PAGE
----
Real People

Kidney Transplantation: Past, Present, and Future

Xenotransplants: Opening Pandora's Box?
If HIV Came From Primates,
 Could Baboon-to-Human Transplants Unleash A New Epidemic?

Yes. At least in the opinion of Jonathan Allan, a primate virologist at the Southwest Foundation for Biomedical Research in San Antonio. He warns that baboon cells could carry viruses which could allow another primate disease to "jump the species gap" to people.


The Southwest Foundation supplies animals for transplantation, and Allan knows primates can carry undiscovered viruses. In 1994, eight or nine baboons at Southwest were infected with a mysterious nervous-system virus which was later identified as a new virus.

 As the Federal government finishes guidelines on xenotransplantation (defined), Allan and a few other scientists question the wisdom of transplanting organs between species. Ironically, their major argument is nothing other than HIV itself.

 HIV probably evolved from the simian immunodeficiency virus (SIV), meaning that a jump from primate to human helped cause 17 to 18 million HIV infections around the world. Furthermore, Allan says, "Almost all the monkeys in Africa have their own kind of AIDS virus [which don't make them ill]. If you introduce them into Asian monkeys, they cause AIDS. If you introduce them into humans, they cause AIDS."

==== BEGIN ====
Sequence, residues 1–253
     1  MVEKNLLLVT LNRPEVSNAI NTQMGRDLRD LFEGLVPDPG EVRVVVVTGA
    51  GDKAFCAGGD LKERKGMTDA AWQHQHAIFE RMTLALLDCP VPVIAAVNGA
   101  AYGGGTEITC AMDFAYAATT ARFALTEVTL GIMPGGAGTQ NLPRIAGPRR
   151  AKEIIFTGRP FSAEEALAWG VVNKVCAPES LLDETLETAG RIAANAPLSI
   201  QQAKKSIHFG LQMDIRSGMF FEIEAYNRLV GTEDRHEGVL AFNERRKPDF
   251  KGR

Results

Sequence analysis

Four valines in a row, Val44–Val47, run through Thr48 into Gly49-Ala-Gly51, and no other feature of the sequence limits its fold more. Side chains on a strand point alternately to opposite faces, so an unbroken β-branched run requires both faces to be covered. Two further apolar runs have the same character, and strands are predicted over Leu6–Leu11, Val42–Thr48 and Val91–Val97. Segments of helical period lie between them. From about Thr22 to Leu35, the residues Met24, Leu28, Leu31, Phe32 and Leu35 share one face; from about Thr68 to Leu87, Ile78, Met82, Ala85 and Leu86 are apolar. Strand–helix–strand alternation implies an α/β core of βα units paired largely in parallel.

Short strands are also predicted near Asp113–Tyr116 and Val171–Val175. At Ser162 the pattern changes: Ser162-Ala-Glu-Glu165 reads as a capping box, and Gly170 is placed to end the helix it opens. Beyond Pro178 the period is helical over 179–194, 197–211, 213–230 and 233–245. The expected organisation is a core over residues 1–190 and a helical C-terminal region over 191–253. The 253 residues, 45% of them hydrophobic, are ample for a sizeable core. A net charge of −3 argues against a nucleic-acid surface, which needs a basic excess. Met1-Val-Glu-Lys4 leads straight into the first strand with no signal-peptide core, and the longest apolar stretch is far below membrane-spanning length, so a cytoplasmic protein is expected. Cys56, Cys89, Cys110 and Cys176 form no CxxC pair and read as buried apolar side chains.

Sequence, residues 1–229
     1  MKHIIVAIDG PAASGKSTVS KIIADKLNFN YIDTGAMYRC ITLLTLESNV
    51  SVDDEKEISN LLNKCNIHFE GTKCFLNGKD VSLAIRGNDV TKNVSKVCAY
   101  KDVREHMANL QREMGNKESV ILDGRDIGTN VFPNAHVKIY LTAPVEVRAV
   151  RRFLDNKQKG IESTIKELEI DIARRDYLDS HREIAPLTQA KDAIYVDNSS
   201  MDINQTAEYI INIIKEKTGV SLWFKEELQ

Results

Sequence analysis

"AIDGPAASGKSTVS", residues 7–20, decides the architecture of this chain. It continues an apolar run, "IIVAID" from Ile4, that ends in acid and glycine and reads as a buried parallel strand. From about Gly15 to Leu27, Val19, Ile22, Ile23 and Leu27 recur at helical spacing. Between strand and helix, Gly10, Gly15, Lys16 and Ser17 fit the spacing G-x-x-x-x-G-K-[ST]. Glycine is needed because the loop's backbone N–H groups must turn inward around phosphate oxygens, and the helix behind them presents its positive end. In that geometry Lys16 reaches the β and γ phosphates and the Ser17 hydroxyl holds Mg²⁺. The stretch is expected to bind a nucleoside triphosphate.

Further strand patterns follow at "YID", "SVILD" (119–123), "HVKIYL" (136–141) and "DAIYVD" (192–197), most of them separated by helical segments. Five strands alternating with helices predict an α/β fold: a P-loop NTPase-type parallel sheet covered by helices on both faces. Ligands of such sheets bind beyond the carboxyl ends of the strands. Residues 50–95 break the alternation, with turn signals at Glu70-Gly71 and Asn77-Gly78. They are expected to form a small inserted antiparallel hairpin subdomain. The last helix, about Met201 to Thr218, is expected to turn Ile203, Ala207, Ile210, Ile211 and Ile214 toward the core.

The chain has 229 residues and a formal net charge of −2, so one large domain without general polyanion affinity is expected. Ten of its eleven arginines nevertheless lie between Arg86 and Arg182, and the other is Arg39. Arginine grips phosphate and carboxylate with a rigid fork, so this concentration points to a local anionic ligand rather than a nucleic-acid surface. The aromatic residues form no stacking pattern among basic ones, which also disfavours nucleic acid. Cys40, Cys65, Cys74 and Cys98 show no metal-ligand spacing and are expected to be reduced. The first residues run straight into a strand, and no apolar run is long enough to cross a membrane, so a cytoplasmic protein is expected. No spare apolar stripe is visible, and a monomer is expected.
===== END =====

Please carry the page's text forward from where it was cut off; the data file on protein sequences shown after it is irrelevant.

Indeed, animal viruses can turn lethal if they infect another species: A relative of herpes B virus that causes fever blisters in monkeys, Allan says, is invariably fatal to humans.

 "The overwhelming body of evidence points to non-human primates in Africa as the natural reservoirs [sources] of HIV," Allan says. "The proposed [federal] guidelines will not significantly reduce the risk of introducing a new human disease through xenotransplantation."

 A Menace or a "Theoretical Risk"?
 Allan says transplanted cells or organs are the ideal pathway for infection since any virus they contain would bypass mucosal and skin barriers to infection. "It circumvents all the natural barriers."


 For more on his views, see Xenotransplantation at a crossroads.

 To date, no human disease has been traced to a transplant and the baboon used in the Getty transplant was carefully screened beforehand. And, says John Atkinson (who does research into xenotransplants) at the School of Medicine at Washington University in St. Louis, humans and pigs, another animal that is a reservoir of viruses that can infect humans, have lived in close proximity for eons. The emergence of a new virus is "a theoretical possibility, but I can't imagine that with all our contact with pigs over thousands of years, that it would be a major problem."

 Here's another cautious view of the future of xenotransplantation.

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